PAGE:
New in version Octopus.
This feature adds to RGW the ability to securely cache objects and offload the workload from the cluster, using Nginx. After an object is accessed the first time it will be stored in the Nginx cache directory. When data is already cached, it need not be fetched from RGW. A permission check will be made against RGW to ensure the requesting user has access. This feature is based on some Nginx modules, ngx_http_auth_request_module, https://github.com/kaltura/nginx-aws-auth-module, Openresty for Lua capabilities.
Currently, this feature will cache only AWSv4 requests (only s3 requests), caching-in the output of the 1st GET request and caching-out on subsequent GET requests, passing thru transparently PUT,POST,HEAD,DELETE and COPY requests.
The feature introduces 2 new APIs: Auth and Cache.
There are 2 new APIs for this feature:
Auth API - The cache uses this to validate that a user can access the cached data
Cache API - Adds the ability to override securely Range header, that way Nginx can use it is own smart cache on top of S3: https://www.nginx.com/blog/smart-efficient-byte-range-caching-nginx/ Using this API gives the ability to read ahead objects when clients asking a specific range from the object. On subsequent accesses to the cached object, Nginx will satisfy requests for already-cached ranges from the cache. Uncached ranges will be read from RGW (and cached).
This API Validates a specific authenticated access being made to the cache, using RGW’s knowledge of the client credentials and stored access policy. Returns success if the encapsulated request would be granted.
This API is meant to allow changing signed Range headers using a privileged user, cache user.
Creating cache user
$ radosgw-admin user create --uid=<uid for cache user> --display-name="cache user" --caps="amz-cache=read"
This user can send to the RGW the Cache API header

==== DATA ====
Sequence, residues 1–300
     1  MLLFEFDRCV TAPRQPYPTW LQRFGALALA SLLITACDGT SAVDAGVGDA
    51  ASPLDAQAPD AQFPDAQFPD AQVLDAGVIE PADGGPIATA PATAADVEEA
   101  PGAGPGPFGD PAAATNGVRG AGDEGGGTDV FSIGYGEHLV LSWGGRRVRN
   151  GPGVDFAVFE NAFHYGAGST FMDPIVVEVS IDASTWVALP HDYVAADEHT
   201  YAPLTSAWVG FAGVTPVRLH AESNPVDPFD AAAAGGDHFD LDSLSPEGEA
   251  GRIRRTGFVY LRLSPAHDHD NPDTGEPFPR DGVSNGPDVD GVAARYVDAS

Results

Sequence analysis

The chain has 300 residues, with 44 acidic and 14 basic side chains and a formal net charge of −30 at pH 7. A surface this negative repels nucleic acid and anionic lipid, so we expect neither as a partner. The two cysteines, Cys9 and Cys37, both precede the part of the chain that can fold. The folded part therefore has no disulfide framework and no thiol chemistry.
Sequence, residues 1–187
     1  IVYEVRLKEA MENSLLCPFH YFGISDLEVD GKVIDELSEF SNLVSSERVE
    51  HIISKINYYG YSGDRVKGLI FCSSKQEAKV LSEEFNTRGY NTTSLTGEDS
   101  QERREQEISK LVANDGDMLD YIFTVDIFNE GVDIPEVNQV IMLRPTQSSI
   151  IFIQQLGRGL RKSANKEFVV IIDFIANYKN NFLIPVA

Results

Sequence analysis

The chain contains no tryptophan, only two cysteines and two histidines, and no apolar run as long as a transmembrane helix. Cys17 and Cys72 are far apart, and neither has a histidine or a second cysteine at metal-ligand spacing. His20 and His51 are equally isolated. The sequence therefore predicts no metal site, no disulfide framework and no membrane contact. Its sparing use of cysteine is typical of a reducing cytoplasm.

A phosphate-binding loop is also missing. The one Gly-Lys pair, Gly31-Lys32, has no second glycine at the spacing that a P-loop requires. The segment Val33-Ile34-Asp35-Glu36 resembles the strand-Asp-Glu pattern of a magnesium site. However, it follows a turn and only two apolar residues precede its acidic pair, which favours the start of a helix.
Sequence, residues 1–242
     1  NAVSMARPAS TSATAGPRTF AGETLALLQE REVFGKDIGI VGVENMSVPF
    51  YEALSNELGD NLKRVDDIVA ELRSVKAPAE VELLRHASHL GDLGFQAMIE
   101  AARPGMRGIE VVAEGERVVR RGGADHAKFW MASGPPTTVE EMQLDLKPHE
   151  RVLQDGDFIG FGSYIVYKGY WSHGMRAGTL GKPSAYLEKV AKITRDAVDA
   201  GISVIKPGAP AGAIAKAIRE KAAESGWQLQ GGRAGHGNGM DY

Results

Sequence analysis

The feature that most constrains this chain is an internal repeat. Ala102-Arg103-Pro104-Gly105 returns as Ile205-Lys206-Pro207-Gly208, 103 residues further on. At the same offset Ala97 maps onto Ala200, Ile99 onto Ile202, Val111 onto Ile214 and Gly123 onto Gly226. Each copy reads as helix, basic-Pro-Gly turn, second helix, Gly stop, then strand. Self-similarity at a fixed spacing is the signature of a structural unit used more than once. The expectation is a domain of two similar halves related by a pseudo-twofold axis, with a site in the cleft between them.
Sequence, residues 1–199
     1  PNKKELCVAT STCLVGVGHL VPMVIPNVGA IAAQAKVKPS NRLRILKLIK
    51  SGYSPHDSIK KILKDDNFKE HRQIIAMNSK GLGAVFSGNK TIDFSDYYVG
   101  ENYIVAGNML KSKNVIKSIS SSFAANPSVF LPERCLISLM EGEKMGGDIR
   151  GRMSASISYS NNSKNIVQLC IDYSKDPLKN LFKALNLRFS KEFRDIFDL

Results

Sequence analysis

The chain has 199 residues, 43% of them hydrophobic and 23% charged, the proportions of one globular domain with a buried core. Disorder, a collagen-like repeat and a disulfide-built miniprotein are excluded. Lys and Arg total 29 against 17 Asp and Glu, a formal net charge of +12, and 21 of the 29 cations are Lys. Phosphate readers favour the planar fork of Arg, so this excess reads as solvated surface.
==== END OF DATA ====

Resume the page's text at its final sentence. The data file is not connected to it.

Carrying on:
X-Amz-Cache, this header contains the headers from the original request(before changing the Range header).
It means that
X-Amz-Cache built from several headers.
The headers that are building the
X-Amz-Cache header are separated by char with ASCII code 177 and the header name and value are separated by char ASCII code 178.
The RGW will check that the cache user is an authorized user and if it is a cache user,
if yes it will use the
X-Amz-Cache to revalidate that the user has permissions, using the headers from the X-Amz-Cache.
During this flow, the RGW will override the Range header.
Download the source of Openresty:
$ wget https://openresty.org/download/openresty-188.8.131.52.tar.gz
git clone the AWS auth Nginx module:
$ git clone https://github.com/kaltura/nginx-aws-auth-module
untar the openresty package:
$ tar xvzf openresty-184.108.40.206.tar.gz $ cd openresty-220.127.116.11
Compile openresty, Make sure that you have pcre lib and openssl lib:
$ sudo yum install pcre-devel openssl-devel gcc curl zlib-devel nginx $ ./configure --add-module=<the nginx-aws-auth-module dir> --with-http_auth_request_module --with-http_slice_module --conf-path=/etc/nginx/nginx.conf $ gmake -j $(nproc) $ sudo gmake install $ sudo ln -sf /usr/local/openresty/bin/openresty /usr/bin/nginx
Put in-place your Nginx configuration files and edit them according to your environment:
All Nginx conf files are under: https://github.com/ceph/ceph/tree/master/examples/rgw-cache
nginx.conf should go to /etc/nginx/nginx.conf
nginx-lua-file.lua should go to /etc/nginx/nginx-lua-file.lua
nginx-default.conf should go to /etc/nginx/conf.d/nginx-default.conf
The parameters that are most likely to require adjustment according to the environment are located in the file nginx-default.conf
Modify the example values of proxy_cache_path and max_size at:
proxy_cache_path /data/cache levels=2:2:2 keys_zone=mycache:999m max_size=20G inactive=1d use_temp_path=off;
And modify the example server values to point to the RGWs URIs:
server rgw1:8000 max_fails=2 fail_timeout=5s; server rgw2:8000 max_fails=2 fail_timeout=5s; server rgw3:8000 max_fails=2 fail_timeout=5s;
radosgw-admin user create --uid=cacheuser --display-name="cache user" --caps="amz-cache=read" --access-key <access> --secret <secret>
It is possible to use Nginx slicing which is a better method for streaming purposes.
For using slice you should use nginx-slicing.conf and not nginx-default.conf
Further information about Nginx slicing:
If you do not want to use the prefetch caching, It is possible to replace nginx-default.conf with nginx-noprefetch.conf Using noprefetch means that if the client is sending range request of 0-4095 and then 0-4096 Nginx will cache those requests separately, So it will need to fetch those requests twice.
$ sudo systemctl restart nginx
A note about performance: In certain instances like development environment, disabling the authentication by commenting the following line in nginx-default.conf:
may (depending on the hardware) increases the performance significantly as it forgoes the auth API calls to radosgw.